We have a lien filed on our property of which the filer requested arbitration. Does this satisfy the requirement of enforcing the lien within the 90 days?
Nov 7, 2018
California requires that an action to enforce a mechanics lien be initiated within 90 days from the date the lien was recorded. The action to enforce is a foreclosure action in court, and once the foreclosure suit has been filed, a notice of the pendency of the action must also be filed with the county recorder for the county in which the property is located.
There are, however, a couple ways that a lien claimant may be able to arbitrate without running afoul of the enforcement deadline. First, California allows for a mechanics lien to be extended through a document called a notice of credit. If the claimant and property owner agree to extend the lien, it may be possible for an arbitration to take place prior to the enforcement deadline.
Additionally, if the parties have an arbitration clause in a contract that the lien claimant wants to preserve, there is a mechanism available to allow the claimant to avoid waiving the right to compel arbitration. To do so, the party enforcing their lien must abide by Section 1281.5 of the California Code Code of Civil Procedure. If a claimant does either of the following, they can preserve their right to compel arbitration:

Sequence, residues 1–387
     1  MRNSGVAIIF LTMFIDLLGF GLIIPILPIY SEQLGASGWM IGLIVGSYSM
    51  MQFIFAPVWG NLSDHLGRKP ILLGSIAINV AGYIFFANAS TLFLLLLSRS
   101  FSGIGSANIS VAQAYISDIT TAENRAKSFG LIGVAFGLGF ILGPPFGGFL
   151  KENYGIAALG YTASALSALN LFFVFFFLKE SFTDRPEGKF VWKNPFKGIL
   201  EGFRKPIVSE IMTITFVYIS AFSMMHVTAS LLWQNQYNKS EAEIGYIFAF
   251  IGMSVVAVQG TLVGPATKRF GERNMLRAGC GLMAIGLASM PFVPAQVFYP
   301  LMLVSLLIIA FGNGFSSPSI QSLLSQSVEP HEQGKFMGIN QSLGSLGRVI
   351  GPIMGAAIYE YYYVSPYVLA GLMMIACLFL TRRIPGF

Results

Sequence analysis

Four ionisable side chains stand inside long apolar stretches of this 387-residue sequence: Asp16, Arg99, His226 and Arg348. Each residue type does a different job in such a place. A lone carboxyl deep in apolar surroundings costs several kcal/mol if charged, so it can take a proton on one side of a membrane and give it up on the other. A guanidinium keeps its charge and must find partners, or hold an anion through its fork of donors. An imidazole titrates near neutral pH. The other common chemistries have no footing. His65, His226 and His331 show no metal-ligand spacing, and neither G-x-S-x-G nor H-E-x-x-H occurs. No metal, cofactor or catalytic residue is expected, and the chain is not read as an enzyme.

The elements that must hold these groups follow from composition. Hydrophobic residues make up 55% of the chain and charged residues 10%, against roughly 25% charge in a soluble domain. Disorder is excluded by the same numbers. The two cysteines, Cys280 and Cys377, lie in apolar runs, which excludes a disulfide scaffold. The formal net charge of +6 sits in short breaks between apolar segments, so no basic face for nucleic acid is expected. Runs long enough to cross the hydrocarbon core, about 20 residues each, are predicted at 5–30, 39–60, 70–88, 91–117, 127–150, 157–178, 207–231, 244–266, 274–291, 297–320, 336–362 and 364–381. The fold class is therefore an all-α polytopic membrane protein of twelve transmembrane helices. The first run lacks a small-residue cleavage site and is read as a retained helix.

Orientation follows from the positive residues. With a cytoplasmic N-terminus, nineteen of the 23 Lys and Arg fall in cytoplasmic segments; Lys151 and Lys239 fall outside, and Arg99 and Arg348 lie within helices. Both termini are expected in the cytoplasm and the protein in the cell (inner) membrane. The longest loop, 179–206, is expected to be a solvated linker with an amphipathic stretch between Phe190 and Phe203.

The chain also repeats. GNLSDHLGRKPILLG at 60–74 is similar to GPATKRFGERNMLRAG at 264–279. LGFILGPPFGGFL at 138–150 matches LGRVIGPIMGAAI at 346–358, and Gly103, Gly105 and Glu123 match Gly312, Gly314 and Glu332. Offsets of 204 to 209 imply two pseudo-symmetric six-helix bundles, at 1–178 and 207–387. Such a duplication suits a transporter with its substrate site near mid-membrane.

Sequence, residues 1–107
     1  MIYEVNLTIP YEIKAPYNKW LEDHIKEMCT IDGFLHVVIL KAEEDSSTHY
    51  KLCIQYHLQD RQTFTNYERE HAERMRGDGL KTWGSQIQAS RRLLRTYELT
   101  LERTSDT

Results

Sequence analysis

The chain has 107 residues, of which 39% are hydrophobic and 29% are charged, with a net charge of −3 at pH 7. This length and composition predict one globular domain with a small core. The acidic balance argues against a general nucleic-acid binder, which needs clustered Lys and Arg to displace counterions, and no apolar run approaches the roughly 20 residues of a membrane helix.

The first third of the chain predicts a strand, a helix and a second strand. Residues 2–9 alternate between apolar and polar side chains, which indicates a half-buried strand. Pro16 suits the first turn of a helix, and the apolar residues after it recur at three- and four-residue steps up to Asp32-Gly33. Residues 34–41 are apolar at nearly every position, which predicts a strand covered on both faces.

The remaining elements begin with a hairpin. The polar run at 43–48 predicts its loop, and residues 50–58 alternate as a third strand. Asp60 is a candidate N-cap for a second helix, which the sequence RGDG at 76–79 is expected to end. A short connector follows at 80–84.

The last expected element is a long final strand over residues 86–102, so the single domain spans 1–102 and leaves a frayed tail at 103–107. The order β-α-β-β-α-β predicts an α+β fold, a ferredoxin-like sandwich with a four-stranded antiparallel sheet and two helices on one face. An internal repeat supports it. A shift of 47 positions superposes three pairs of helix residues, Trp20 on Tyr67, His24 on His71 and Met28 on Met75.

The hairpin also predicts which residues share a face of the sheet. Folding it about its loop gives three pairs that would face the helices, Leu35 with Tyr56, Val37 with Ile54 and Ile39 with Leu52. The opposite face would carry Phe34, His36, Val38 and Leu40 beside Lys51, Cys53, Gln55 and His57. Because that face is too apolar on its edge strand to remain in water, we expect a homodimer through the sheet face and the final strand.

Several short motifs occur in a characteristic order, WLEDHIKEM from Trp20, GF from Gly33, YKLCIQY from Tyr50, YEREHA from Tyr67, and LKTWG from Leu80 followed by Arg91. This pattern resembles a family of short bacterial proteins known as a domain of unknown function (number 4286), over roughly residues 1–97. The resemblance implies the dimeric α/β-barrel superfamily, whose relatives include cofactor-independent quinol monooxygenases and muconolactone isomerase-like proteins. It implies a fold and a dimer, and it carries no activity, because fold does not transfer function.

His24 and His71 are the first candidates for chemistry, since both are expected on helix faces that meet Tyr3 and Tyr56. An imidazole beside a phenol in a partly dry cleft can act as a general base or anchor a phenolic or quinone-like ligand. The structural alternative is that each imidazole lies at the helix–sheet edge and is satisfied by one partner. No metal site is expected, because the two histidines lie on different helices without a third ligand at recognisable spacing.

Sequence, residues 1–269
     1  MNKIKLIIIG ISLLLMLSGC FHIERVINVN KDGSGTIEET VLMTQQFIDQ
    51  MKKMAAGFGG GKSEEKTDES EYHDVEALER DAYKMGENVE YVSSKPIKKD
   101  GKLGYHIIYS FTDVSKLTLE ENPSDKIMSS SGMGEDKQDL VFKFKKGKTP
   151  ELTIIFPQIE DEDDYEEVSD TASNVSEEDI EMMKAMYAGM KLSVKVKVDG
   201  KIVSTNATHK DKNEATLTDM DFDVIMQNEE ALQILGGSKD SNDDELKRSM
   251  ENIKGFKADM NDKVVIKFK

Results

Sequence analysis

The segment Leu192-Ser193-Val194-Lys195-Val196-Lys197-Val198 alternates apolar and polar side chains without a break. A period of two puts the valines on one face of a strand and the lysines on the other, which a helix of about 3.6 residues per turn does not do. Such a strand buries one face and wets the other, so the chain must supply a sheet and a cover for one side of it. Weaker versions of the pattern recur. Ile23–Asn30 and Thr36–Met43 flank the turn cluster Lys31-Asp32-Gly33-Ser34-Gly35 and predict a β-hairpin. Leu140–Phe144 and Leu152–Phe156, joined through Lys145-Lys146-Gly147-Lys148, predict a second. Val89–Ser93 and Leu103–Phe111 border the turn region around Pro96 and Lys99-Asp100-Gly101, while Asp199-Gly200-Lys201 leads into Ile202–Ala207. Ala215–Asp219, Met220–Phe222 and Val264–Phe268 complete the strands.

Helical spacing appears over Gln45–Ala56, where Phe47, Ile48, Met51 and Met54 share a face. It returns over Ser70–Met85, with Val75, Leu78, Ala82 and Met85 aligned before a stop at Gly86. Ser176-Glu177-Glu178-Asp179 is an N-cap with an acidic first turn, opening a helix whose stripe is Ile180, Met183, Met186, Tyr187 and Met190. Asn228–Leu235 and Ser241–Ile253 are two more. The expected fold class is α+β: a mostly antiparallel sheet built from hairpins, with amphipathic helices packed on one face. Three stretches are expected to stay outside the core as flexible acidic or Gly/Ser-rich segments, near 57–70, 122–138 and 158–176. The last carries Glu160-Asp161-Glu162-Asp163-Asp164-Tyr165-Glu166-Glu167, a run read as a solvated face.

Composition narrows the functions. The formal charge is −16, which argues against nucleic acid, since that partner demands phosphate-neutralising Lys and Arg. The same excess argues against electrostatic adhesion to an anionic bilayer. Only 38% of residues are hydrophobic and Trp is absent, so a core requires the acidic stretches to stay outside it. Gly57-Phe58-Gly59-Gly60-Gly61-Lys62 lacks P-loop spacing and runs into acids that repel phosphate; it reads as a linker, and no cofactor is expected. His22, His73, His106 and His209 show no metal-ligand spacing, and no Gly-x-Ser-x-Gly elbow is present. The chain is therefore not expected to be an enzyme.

“(1) Includes an allegation in the complaint that the claimant does not intend to waive any right of arbitration, and intends to move the court, within 30 days after service of the summons and complaint, for an order to stay further proceedings in the action.
(2) At the same time that the complaint is filed, the claimant files an application that the action be stayed pending the arbitration of any issue, question, or dispute that is claimed to be arbitrable under the agreement and that is relevant to the action to enforce the claim of lien.”
Absent something like the above, however, initiating an arbitration proceeding is not an action to enforce the lien required by California statute.